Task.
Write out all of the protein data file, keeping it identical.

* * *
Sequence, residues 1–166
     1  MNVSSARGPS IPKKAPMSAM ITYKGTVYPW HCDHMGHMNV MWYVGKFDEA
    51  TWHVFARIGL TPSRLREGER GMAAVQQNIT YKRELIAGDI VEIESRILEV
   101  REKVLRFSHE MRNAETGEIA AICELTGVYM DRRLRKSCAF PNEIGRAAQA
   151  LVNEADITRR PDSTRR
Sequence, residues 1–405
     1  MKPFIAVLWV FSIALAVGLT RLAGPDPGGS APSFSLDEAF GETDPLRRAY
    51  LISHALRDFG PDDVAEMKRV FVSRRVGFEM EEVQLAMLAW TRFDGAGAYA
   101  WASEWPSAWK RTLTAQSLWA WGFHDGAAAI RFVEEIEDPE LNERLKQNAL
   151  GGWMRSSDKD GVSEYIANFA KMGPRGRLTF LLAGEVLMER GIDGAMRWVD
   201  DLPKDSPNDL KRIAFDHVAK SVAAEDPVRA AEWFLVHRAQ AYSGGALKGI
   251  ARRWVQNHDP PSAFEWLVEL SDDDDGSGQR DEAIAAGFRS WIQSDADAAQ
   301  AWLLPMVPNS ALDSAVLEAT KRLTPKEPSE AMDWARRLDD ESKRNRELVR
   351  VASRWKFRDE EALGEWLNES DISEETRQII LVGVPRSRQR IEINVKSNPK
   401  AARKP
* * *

Sequence, residues 1–166
     1  MNVSSARGPS IPKKAPMSAM ITYKGTVYPW HCDHMGHMNV MWYVGKFDEA
    51  TWHVFARIGL TPSRLREGER GMAAVQQNIT YKRELIAGDI VEIESRILEV
   101  REKVLRFSHE MRNAETGEIA AICELTGVYM DRRLRKSCAF PNEIGRAAQA
   151  LVNEADITRR PDSTRR
Sequence, residues 1–405
     1  MKPFIAVLWV FSIALAVGLT RLAGPDPGGS APSFSLDEAF GETDPLRRAY
    51  LISHALRDFG PDDVAEMKRV FVSRRVGFEM EEVQLAMLAW TRFDGAGAYA
   101  WASEWPSAWK RTLTAQSLWA WGFHDGAAAI RFVEEIEDPE LNERLKQNAL
   151  GGWMRSSDKD GVSEYIANFA KMGPRGRLTF LLAGEVLMER GIDGAMRWVD
   201  DLPKDSPNDL KRIAFDHVAK SVAAEDPVRA AEWFLVHRAQ AYSGGALKGI
   251  ARRWVQNHDP PSAFEWLVEL SDDDDGSGQR DEAIAAGFRS WIQSDADAAQ
   301  AWLLPMVPNS ALDSAVLEAT KRLTPKEPSE AMDWARRLDD ESKRNRELVR
   351  VASRWKFRDE EALGEWLNES DISEETRQII LVGVPRSRQR IEINVKSNPK
   401  AARKP